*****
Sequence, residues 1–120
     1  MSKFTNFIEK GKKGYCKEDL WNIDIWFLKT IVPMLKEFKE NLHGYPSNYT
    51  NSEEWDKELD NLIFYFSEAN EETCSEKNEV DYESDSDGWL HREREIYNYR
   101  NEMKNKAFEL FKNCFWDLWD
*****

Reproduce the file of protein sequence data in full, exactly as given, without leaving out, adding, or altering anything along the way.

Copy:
Sequence, residues 1–120
     1  MSKFTNFIEK GKKGYCKEDL WNIDIWFLKT IVPMLKEFKE NLHGYPSNYT
    51  NSEEWDKELD NLIFYFSEAN EETCSEKNEV DYESDSDGWL HREREIYNYR
   101  NEMKNKAFEL FKNCFWDLWD